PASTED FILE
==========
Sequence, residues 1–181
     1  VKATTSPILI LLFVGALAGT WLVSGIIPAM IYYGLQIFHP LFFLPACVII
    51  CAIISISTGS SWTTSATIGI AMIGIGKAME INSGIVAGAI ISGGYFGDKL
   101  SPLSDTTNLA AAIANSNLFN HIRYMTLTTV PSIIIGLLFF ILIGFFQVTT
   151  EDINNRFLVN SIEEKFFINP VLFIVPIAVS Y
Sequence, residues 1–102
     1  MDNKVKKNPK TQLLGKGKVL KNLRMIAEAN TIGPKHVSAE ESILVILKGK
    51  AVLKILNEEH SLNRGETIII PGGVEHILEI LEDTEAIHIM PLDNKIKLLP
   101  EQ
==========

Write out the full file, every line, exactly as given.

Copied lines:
Sequence, residues 1–181
     1  VKATTSPILI LLFVGALAGT WLVSGIIPAM IYYGLQIFHP LFFLPACVII
    51  CAIISISTGS SWTTSATIGI AMIGIGKAME INSGIVAGAI ISGGYFGDKL
   101  SPLSDTTNLA AAIANSNLFN HIRYMTLTTV PSIIIGLLFF ILIGFFQVTT
   151  EDINNRFLVN SIEEKFFINP VLFIVPIAVS Y
Sequence, residues 1–102
     1  MDNKVKKNPK TQLLGKGKVL KNLRMIAEAN TIGPKHVSAE ESILVILKGK
    51  AVLKILNEEH SLNRGETIII PGGVEHILEI LEDTEAIHIM PLDNKIKLLP
   101  EQ